This could be because uncertainty is making people look for guidance on the surveys, with equity sentiment being a significant factor. Or that more junior people are filling out the surveys. Hard to know with certainty. But there’s a clear argument that we are looking at a circular pattern due to correlation.
I.E. Equities go up, based on tax cuts or regulations or simply continued conservative investing habits from the wealthy, and survey data responds to that. Equities respond to the improving data and repeat.
Eventually we need to see a change in behavior on the investment side of the data. Corporates and wealthy percentiles investing, not being conservative. If not the hard data won’t budge, the history is relatively clear, the survey data will mean revert to the hard data.
This is a big risk the Federal Reserve is now running. Their rapid shift to a March hike is potentially on sentiment alone, equities and their meaningfully correlated business surveys. Noise not signal. Credit data and the loan officers survey suggest the credit impulse is soft and hiking on sentiment, sentiment which inflected around an election no less, seems a dangerous precedent to set. Further, there is a danger that this is, again, treated as independent confirmation when it’s a response to the same single move. I.E. is the Federal Reserve is reacting to the single data point and making another correlated market move. What I mean here is equities are up, which has pushed survey data up, and now rates are reacting too – one correlated data point? Or three uncorrelated? Chart of loan officer survey lending standard for consumers, corporates and commercial real estate.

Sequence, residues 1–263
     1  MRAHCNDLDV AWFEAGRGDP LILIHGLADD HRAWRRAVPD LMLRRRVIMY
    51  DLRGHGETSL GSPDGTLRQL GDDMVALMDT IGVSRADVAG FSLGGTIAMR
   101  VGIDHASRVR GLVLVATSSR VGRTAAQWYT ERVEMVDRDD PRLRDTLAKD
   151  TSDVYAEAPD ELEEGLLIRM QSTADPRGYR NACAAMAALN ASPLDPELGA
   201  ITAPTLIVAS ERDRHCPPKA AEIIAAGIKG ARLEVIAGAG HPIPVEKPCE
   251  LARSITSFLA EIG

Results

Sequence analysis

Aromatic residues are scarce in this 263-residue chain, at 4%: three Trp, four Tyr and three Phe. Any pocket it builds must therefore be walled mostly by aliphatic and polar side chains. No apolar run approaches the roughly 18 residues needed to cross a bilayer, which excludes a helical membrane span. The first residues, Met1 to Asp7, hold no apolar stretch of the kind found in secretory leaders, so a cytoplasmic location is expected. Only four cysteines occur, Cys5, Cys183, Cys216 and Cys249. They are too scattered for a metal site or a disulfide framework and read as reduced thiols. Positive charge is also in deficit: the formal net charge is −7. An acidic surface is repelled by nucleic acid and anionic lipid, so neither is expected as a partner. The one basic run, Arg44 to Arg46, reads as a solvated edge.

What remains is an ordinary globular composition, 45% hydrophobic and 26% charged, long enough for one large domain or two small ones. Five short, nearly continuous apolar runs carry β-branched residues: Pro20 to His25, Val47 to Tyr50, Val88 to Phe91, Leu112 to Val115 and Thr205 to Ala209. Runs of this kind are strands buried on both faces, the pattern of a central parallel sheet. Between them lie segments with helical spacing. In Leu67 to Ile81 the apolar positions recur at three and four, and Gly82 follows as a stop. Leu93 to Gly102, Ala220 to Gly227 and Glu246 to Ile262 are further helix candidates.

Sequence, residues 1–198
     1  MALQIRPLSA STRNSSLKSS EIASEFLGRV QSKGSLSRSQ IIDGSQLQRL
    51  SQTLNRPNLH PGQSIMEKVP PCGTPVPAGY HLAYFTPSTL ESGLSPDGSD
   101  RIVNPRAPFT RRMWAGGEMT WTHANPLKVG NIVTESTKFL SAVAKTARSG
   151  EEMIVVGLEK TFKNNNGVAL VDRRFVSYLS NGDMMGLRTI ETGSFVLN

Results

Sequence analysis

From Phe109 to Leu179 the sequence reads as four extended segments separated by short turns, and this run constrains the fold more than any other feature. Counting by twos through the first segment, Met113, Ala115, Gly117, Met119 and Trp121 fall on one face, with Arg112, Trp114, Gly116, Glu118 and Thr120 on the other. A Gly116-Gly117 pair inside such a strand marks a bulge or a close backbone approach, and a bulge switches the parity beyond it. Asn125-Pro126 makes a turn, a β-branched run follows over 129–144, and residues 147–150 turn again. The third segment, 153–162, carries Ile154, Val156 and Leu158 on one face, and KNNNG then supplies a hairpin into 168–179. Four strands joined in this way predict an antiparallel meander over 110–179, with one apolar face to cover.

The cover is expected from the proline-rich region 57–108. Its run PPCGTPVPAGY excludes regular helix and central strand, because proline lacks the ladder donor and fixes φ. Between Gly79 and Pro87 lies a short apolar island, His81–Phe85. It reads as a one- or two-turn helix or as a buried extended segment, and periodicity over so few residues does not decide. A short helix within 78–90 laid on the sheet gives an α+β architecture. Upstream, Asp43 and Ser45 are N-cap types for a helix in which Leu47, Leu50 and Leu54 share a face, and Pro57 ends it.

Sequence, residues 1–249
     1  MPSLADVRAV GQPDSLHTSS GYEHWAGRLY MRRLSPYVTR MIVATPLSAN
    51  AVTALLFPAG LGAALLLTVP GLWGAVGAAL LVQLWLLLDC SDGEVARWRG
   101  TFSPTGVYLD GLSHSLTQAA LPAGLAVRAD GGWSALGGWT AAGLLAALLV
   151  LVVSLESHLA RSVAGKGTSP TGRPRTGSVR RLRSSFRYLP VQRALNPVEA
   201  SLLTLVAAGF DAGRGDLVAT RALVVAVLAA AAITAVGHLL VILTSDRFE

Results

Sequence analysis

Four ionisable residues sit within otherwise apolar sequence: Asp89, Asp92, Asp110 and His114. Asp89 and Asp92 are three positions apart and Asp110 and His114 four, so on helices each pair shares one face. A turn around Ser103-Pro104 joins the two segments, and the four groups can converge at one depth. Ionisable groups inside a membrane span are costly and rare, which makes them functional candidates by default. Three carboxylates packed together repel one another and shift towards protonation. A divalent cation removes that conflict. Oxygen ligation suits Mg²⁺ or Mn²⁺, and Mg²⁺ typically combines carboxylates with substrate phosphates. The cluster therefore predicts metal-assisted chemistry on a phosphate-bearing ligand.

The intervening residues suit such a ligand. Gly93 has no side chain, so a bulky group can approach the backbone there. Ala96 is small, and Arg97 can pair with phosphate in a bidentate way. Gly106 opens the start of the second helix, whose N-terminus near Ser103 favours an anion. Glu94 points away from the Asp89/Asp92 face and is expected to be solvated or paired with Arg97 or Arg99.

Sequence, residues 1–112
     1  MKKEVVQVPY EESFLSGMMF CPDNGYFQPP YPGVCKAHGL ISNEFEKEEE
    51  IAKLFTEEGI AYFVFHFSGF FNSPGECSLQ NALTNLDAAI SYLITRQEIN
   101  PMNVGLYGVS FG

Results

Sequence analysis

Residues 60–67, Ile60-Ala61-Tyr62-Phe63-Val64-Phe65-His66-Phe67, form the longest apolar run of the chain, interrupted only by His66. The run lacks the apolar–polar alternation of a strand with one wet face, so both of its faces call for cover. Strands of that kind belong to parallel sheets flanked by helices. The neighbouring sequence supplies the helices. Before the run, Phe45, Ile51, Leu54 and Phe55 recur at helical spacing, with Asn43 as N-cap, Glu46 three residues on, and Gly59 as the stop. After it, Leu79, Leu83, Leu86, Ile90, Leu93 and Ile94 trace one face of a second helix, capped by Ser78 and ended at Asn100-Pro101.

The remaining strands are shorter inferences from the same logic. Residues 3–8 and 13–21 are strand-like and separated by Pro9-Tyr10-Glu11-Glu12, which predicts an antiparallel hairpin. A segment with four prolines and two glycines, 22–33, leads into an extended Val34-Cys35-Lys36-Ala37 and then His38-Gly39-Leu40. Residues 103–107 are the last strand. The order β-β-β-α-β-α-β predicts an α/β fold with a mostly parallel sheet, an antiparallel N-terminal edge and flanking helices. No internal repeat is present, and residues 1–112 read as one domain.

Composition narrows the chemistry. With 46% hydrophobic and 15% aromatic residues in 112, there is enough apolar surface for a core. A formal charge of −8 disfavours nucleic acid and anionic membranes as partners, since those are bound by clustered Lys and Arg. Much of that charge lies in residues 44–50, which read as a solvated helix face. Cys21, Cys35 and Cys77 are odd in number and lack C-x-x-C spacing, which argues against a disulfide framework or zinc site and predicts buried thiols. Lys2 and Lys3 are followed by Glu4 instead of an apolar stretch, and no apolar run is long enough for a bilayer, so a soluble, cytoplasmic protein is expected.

Chart of Consumer loan growth, Corporate loan growth and commercial real estate loan growth YoY %.